U.S. Permanent Residence

Overview

There are a few terms used to describe legal permanent residency in the United States. The terms immigrant, green card holder, legal permanent resident and resident alien all mean that the person has permission from immigration to reside in the US permanently. The official name is Lawful Permanent Resident status. Persons who hold PR status may remain in the U.S. permanently and live and work wherever they wish. Obtaining PR status has no effect on current citizenship and PR holders need to maintain a valid home country passport at all times.  In general PRs have the some of the same rights, privileges and responsibilities as U.S. citizens. PRs may buy and sell property, own and operate businesses and may be drafted into the military if a draft is in effect. PRs may not vote in government elections, serve on juries at trials nor hold some elected offices or government jobs.  Persons holding PR status for five years (in some instances three) may become eligible to apply for U.S. citizenship.

 

CSMC sponsorship for legal permanent residency

Cedars-Sinai Medical Center (CSMC) divisions and departments can sponsor international employees for legal permanent residency (green card) based on the individual’s professional employment at CSMC. While the decision to offer this kind of sponsorship must always be in line with the larger CSMC employment policies, there are a number of other steps involved.  This involves administrative commitment from the department and the use of significant CSMC resources. Sponsorship should never be undertaken merely as a favor to a friend or colleague, but rather in response to genuine business necessity of CSMC.

The Visa & International Services Administration (VISA) office is the only agent authorized to represent CSMC with regard to submitting employment-based petitions to the U.S. Citizenship and Immigration Services (USCIS) on behalf of foreign nationals seeking U.S. Lawful Permanent Resident (PR) status. All CSMC-sponsored PR petitions involve attorney costs, administrative and immigration service fees. The sponsoring department must pay for the expenses that pertain to the sponsored individual (approximately $10,000 - $12,000). Sponsoring departments may elect to pay for the expenses associated with the dependents, but they are not required to do so.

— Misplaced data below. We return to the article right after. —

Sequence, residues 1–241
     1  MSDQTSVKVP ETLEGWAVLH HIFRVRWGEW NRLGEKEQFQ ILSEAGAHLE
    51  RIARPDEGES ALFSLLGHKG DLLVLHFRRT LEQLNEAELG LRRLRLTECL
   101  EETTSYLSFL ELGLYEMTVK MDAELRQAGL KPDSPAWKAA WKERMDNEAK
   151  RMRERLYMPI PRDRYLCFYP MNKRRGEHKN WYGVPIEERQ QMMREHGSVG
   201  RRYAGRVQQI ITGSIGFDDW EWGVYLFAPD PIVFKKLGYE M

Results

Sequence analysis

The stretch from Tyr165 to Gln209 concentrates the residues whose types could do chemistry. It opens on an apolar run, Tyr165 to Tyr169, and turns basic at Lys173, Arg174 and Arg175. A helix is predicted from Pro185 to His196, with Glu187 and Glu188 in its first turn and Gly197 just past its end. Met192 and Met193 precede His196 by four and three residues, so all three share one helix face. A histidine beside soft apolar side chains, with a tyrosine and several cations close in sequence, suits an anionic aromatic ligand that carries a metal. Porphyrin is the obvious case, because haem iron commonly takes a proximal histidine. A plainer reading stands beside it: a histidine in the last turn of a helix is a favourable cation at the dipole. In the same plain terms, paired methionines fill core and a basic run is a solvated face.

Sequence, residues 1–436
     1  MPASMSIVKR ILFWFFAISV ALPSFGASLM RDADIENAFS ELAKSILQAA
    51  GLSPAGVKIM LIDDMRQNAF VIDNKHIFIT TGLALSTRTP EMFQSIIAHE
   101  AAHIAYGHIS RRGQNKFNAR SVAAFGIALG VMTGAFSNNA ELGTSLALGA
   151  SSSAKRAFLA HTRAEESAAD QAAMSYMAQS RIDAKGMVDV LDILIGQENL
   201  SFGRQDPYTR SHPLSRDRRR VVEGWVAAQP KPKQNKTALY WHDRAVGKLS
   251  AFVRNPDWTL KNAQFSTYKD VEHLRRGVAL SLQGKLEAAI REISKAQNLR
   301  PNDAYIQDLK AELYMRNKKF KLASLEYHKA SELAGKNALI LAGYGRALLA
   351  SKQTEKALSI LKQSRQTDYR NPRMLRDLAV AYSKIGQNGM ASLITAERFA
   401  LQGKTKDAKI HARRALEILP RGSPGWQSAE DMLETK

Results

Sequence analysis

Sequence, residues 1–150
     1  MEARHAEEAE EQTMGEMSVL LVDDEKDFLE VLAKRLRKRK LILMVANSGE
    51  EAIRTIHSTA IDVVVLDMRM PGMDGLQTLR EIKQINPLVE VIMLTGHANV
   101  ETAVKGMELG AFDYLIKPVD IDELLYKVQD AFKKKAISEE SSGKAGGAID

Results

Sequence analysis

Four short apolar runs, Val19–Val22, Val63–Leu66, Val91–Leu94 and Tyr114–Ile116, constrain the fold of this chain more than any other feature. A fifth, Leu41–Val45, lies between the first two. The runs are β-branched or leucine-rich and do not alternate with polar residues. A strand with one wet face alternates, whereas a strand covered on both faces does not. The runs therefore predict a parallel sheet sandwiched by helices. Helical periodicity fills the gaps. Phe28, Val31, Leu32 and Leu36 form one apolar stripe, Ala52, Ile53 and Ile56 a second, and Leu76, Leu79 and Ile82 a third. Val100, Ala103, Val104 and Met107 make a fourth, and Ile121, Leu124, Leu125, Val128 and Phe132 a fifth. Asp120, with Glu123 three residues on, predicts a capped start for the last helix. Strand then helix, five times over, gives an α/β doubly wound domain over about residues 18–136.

There are certain employment-based permanent residency petitions that REQUIRE a job offer letter to be submitted from, or on behalf of CSMC.   There are alternative employment-based petitions that do not require a job offer letter or employer sponsorship. With regard to these cases, the foreign national may choose to submit a petition on his/her own and/or with the assistance of an attorney, without any employer sponsor. However, even in these cases that do not require an employer sponsor, it is extremely important that the VISA office is aware of the filing as it may have serious implications on the international’s immigration status.

Note: During the entire PR process and up until the employee is able to adjust status, it is necessary to simultaneously maintain the non-immigrant visa status (e.g. H-1B, O-1, etc.) by requesting extensions of stay. If an employee is uncertain about when their non-immigrant visa expires, they should contact the VISA office.

 CSMC sponsors Lawful Permanent Resident (PR) in the following categories: EB-1 Outstanding Professor/Researcher and EB-2 Labor Certification PERM (Members of the Professions with an Advanced Degree.) and EB-3 Skilled workers,  professionals, and other workers.  There is a backlog in the EB-2 and EB-3 categories for certain nationals such as citizens of China and India. The EB-1 Outstanding Professor/Researcher category involves a lot of detailed preparation of documentary evidence proving to immigration that the faculty member has abundant outstanding academic achievements that have generated international recognition.

CSMC employees interested in applying for Permanent Residency in any categories other than EB-1, EB-2 or EB-3 mentioned above must either file the applications on their own, or hire an immigration attorney to do so.  The VISA office cannot advise on non-employment based PR categories such as family petition, National Interest Waiver or the annual Diversity Lottery.  Further details are available on the U.S. Citizenship and Immigration Services (USCIS) website.

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